Estimated reading time: 6 minutes
Let’s talk about air admittance valves.
Most residential building drainage systems are vented directly through the building’s roof. Here’s an example. See the white pipe peeking through the roof. The plastic pipe is “flashed” or sealed at the roof penetration to prevent rainwater from leaking into the building.
During maintenance, you’ll want to be assured the top of the vent is kept open. A blocked vent can be caused by leaves, dead animals, and ice dams (in very cold climates). Another “not-so-common” way the vent can become clogged is when a horizontal section of the venting system (inside the attic) sloped incorrectly. When that happens, it can fill with rainwater or condensation. Experienced home inspectors should be on the lookout for these conditions.
Air Admittance Valves (AAV)
Sometimes we can’t (or don’t want to) vent through the roof line. In these rare cases, plumbers use an Air Admittance Valve.
Air Admittance Valves (aka Studor vents) are built with “negative-pressure-activated” one-way mechanical valves. Used most commonly at an island sink or vanity, the vents may be used to prevent roof penetrations (as seen above) on the front roof line elevation. Think about it – when have you seen a plumbing vent on the front roof line of a home as it faces the street?
How It Operates
If we didn’t have either venting method, you would have a very noisy sink drain.
A discharge of wastewater down your sink drain causes a valve on the AAV to open. When it opens, the air can enter the plumbing system allowing the water to pass through the waste pipe.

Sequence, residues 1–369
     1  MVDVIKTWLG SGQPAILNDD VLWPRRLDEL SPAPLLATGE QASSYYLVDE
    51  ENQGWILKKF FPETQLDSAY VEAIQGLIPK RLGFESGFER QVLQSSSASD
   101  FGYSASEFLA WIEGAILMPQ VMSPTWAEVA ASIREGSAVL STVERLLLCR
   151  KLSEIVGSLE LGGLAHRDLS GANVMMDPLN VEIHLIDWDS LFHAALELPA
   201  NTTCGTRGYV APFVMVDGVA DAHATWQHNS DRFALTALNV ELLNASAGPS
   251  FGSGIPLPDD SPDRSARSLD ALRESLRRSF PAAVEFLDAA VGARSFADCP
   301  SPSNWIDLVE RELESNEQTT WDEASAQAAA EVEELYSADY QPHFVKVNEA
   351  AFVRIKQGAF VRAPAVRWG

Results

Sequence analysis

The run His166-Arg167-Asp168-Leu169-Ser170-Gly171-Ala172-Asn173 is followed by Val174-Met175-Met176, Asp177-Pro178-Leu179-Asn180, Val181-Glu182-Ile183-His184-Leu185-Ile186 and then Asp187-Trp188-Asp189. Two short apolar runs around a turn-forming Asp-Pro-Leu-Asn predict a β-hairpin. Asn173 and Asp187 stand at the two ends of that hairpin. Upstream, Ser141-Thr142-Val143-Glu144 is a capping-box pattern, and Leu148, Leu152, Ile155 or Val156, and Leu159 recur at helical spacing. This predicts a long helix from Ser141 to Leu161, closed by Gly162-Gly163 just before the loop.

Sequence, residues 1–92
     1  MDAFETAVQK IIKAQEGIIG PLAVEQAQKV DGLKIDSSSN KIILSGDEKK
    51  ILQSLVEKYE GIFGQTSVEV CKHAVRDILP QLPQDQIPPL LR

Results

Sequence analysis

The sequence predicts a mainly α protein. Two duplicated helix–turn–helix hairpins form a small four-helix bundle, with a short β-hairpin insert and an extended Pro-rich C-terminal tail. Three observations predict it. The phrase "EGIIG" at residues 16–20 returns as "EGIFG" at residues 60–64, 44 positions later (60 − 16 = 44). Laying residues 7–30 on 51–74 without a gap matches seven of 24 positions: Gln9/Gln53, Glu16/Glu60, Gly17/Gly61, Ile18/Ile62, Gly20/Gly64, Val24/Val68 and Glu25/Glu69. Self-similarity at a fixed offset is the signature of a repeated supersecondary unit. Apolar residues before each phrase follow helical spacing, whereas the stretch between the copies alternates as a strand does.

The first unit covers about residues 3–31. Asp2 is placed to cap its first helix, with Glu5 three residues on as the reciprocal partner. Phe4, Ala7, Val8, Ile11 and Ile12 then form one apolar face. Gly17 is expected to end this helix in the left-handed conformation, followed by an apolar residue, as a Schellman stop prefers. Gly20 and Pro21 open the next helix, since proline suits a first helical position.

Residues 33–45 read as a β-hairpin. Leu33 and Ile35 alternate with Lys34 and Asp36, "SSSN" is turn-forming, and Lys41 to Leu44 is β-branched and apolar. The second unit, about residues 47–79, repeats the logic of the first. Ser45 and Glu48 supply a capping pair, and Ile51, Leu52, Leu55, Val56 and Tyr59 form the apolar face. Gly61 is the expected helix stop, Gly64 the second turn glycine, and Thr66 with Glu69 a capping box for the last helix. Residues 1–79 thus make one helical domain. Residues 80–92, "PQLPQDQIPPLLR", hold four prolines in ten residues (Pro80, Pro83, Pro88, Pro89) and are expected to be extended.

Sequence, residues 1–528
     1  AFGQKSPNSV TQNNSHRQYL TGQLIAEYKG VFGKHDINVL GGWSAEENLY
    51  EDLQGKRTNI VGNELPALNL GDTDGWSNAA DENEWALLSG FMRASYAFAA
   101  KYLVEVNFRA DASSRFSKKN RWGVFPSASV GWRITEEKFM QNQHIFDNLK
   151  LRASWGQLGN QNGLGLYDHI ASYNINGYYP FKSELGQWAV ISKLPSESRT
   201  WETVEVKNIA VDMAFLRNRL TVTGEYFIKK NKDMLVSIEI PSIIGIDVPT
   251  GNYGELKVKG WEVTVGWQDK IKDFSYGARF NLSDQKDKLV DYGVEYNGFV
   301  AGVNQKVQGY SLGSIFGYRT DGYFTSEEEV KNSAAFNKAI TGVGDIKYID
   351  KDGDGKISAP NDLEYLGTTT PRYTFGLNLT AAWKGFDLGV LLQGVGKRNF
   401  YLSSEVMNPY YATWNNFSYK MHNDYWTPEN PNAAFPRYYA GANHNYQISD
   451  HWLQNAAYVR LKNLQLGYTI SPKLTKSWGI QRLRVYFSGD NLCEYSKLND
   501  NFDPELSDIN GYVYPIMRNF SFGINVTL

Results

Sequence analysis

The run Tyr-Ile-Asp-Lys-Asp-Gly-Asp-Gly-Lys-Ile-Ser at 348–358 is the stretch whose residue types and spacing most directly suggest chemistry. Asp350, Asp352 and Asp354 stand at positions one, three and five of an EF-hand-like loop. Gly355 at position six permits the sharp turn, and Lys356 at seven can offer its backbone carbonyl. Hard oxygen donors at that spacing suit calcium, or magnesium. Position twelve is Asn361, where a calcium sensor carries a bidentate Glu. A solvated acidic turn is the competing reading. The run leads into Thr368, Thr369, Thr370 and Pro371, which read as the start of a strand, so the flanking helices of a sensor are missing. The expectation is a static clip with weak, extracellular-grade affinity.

Think of it as holding a large soda, water, or milk bottle upside down and removing the cap. The liquid will come out but won’t come out as freely as it would if you poke a small hole (a vent) on the other end of the bottle. We always want to maintain that open vent design in the plumbing system.
An AAV can significantly reduce the number of venting materials needed in a plumbing system. That’s money in the pocket of the plumber. They also allow greater flexibility in the layout of plumbing fixtures and reduce long-term roof maintenance. If we don’t have a hole in the roof, it’s easier to maintain it.
AAVs have been effectively used in Europe for more than two decades. However, there are a few limitations.
Some state and local building departments prohibit AAVs. Check with your local AHJ – Authority Having Jurisdiction for more info.
AAVs are certified to reliably. However, anything mechanical can and will fail. Some manufacturers claim they’re suitable for 500,000 uses (approximately 30 years).
US manufacturers offer warranties that range from 1 year to “lifetime.” You’ll want to seek out the warranty info. Most plumbers won’t have it.
Note: An AAV should not be tampered with or spray painted. I have had plumbers tell us that sewer flies and bugs have been seen at failed air admittance valves. So if you detect a sewer odor under and around your sink or in the attic, the AAV could have let you down.